Important Australian + International Fine Art
24 April 2013


(1923 - 2011)

oil on composition board

91.0 x 121.0 cm

signed lower left: Olley

$60,000 - 80,000
Sold for $66,000 (inc. BP) in Auction 29 - 24 April 2013, Melbourne

Private collection, Brisbane
Private collection, Queensland

Catalogue text

Celebrating the domestic treasures of her immediate world, Margaret Olley's paintings are beloved examples of the still-life genre. As observed by the artist's lifelong friend Edmund Capon, 'Still-lifes and interiors are her métier, and Margaret Olley is a part of that tradition, from Vermeer in the seventeenth century to Morandi in the twentieth century - two of her most admired artists - which finds inspiration, beauty and a rich spirit of humanity in the most familiar of subject matter.'1

Elegantly framed with a precise eye for the rhythm of objects and space, fundamental to Olley's still-life and interior scenes is the principle of orchestration. Her considered arrangements of vessels, flowers and fruit owe much to her experience of the theatre in 1948 when Olley assisted with painting the sets for Sam Hughes's productions of Shakespeare's Pericles and Cocteau's Orphee (designed by Jean Bellette and Sidney Nolan respectively). Observing the actors being instructed to enter the stage and count twenty seconds before speaking their lines, the young artist soon came to appreciate the importance of creating space for oneself; as she fondly recalls, 'space is the secret of life... it is everything.'2 Over the ensuing decades, Olley began to arrange the objects in her art as characters on a stage - objects both commonplace and beautiful, shuffled this way and that, plunged into deep shadow or transformed by lighting.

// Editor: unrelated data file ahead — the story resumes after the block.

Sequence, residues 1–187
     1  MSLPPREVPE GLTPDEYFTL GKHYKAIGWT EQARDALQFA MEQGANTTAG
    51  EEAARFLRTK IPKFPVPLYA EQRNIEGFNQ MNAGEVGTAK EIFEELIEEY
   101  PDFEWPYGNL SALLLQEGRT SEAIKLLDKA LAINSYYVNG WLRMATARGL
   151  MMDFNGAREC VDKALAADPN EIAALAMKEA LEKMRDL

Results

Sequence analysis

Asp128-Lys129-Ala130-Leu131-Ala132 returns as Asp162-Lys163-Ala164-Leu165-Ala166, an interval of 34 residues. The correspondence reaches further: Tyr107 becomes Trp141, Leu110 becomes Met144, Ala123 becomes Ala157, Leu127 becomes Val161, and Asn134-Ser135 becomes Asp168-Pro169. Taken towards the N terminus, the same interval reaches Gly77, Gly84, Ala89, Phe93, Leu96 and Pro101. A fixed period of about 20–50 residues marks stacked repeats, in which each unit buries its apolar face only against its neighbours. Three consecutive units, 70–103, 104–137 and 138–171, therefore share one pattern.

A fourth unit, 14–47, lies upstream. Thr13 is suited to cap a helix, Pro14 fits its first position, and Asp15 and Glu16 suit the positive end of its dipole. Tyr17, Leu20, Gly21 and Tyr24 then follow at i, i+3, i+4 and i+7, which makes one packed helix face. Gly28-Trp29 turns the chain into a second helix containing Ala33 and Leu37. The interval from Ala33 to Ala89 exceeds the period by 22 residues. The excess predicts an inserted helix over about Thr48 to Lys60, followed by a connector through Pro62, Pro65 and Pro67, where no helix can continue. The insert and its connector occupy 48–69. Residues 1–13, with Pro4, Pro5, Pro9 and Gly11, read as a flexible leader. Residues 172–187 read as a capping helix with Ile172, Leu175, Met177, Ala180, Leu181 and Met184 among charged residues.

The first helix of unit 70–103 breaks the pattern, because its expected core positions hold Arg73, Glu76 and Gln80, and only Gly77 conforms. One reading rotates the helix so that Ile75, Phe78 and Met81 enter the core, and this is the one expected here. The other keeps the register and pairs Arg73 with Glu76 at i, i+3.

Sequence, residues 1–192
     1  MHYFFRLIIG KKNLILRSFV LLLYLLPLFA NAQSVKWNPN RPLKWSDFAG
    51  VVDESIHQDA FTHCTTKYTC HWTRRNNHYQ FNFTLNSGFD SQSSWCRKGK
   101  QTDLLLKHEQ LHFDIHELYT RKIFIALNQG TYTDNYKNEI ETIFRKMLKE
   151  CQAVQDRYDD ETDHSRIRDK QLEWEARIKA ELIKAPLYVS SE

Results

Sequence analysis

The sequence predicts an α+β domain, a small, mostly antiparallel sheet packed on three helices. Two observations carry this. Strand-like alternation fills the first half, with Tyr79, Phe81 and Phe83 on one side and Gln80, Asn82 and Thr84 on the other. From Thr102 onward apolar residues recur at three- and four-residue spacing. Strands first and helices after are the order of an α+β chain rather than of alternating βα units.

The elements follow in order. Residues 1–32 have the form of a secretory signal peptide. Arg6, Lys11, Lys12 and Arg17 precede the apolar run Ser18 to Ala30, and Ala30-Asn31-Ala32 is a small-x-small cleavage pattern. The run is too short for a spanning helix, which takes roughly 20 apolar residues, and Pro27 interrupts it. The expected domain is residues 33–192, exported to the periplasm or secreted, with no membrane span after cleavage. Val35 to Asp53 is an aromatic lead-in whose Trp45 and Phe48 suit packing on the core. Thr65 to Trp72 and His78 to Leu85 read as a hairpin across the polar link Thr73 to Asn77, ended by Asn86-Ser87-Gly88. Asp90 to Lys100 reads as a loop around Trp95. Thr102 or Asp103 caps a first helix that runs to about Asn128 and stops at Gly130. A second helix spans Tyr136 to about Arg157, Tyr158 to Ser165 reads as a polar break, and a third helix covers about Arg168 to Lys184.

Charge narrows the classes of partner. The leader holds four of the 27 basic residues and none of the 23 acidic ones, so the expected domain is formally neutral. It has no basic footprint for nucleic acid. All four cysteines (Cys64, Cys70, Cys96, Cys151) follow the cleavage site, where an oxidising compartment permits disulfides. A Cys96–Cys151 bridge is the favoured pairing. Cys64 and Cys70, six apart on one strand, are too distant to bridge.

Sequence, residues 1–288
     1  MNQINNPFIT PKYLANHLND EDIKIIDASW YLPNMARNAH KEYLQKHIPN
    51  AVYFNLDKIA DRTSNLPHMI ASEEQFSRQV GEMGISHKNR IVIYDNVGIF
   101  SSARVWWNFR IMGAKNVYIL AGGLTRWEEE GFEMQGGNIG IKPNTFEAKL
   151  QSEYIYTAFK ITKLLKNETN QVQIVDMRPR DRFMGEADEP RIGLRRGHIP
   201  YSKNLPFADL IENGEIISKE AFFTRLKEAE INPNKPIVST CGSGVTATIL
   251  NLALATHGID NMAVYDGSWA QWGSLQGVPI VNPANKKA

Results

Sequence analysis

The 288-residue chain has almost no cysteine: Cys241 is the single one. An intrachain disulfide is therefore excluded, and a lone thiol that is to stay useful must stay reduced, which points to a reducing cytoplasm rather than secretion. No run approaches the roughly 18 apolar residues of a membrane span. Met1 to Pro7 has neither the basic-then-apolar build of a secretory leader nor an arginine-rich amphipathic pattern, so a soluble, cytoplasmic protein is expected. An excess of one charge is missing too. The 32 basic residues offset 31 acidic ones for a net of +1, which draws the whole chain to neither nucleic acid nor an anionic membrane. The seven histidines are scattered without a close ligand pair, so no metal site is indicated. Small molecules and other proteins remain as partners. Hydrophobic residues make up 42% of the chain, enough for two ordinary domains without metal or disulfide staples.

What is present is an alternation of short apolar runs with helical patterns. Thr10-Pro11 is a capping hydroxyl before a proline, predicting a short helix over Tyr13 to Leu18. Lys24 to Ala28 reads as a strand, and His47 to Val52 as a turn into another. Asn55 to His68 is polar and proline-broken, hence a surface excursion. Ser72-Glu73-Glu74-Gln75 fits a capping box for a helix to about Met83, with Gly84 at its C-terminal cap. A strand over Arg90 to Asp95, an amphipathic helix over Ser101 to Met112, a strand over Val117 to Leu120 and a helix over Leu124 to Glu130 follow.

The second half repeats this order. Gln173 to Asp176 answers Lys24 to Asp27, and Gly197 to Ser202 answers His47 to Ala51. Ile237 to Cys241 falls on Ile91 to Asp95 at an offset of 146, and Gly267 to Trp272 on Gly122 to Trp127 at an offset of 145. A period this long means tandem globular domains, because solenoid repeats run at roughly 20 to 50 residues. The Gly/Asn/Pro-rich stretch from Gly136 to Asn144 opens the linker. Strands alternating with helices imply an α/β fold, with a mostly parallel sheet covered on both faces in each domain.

A tour-de-force of scale and subject, Sunflowers undoubtedly pays homage to Vincent Van Gogh, an artist much admired by Olley. Like Van Gogh, Olley has arranged the joyfully casual blooms in slip-glazed earthenware, no doubt a careful selection from the artist's substantial collection of ceramic vessels. Combined, the composition serves to create anintimate, uplifting drama for the eye and mind to explore. Paying homage to the domestic surroundings which continue to provide her inspiration, indeed the work reveals the very essence of the artist's identity; as Barry Pearce aptly notes,'... to live with a Margaret Olley painting is to experience the transfiguration of a passionate, highly focused personality into art. In her paintings, the space surrounding each bowl of fruit, each vase of flowers, and through which the eye traverses a cacophony of surfaces such as patterned carpets, modulated walls and cluttered tabletops, resounds with her presence. These are reflections of the things she loves, and which embellish the centre of how she prefers her existence to be.'3

1. Capon, E., as quoted in Pearce, B., Margaret Olley, The Art Gallery of New South Wales, Sydney, 1996, p. 7.b
2. Margaret Olley, cited in Pearce, B., op. cit., p. 14
3. Pearce, B., 'Margaret Olley Retrospective', State of the Arts, Sydney, August - November 1996, p. 5